In all honesty, I think there are only two games ever in the Persona and SMT series altogether that I have had a Persona that I regularly used that had this skill. That is just how insanely elusive it is to the point where you can beat the games without ever using or needing it. That said, there are some strong benefits for why you would want to use Megidolaon in battles.

Benefits Explained

There are many benefits to Megidolaon and the Almighty skill type as a whole. For one, there is the fact that almost no Personas out there have a resistance to it. So, even when you are up against some of the hardest bosses in the series with only one element that you can use, Almighty is there for you.

There are some truly tough bosses, especially in the more recent games, where they will resist everything. This limited amount of damage output available to you will make these fights super long. But that isn’t the case for Megidolaon, which will make short work of them in no time.

Beyond that, there is another benefit in that this skill works on all enemies. Unlike the basic elements, there are no real single target versions. Since you receive them so late in the game, they all affect the entire enemy side to make up for this fact.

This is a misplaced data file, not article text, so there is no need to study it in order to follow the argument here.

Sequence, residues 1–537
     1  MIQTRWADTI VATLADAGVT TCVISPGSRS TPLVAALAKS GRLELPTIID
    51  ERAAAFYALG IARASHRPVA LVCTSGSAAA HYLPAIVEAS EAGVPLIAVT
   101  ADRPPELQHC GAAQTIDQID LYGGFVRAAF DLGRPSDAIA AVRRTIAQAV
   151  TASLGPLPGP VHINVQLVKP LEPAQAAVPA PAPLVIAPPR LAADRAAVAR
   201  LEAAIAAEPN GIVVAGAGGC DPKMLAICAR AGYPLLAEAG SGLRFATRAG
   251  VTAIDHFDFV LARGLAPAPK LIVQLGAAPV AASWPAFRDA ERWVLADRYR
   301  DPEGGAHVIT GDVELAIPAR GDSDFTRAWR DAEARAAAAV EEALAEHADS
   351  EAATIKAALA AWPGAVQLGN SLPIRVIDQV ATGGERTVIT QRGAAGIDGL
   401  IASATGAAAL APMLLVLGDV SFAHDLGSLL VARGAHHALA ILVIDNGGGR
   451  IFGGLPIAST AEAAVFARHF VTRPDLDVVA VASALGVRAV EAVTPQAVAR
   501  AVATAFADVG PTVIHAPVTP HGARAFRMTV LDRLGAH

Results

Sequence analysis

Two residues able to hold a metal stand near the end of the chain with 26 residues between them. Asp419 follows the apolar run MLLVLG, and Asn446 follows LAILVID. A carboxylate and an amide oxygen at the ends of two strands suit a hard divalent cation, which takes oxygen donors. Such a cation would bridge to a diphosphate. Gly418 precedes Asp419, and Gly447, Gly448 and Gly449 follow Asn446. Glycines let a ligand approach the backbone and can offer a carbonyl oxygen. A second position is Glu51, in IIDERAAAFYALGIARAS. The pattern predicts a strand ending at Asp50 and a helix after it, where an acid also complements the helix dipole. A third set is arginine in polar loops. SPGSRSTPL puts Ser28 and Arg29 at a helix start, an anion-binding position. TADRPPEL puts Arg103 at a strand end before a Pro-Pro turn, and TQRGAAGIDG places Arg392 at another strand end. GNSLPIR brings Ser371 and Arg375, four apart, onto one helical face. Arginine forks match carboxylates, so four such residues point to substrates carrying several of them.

Another intriguing positive is that, though this is a magical element, skills like Makarakarn don’t affect it. That skill is an annoying one that a lot of bosses in the Persona and SMT series use. What it does is put up a wall that will reflect the next magical attack that is used, but Almighty bypasses that completely.

Negatives Explained

megidolaon negatives explained

Of course, there are some negatives that Megidolaon and the Almighty elemental type, in general, have that you need to know about. Since it is a hidden skill type, this means that it doesn’t work as a weakness point for enemies, either.

Much of the point of the later Persona games is the press turn system. You want to earn extra turns for taking advantage of your enemy’s weaknesses. Since no one has a weakness to Almighty, this means that it will never earn you an extra turn in battle minus critical hits for whatever reason.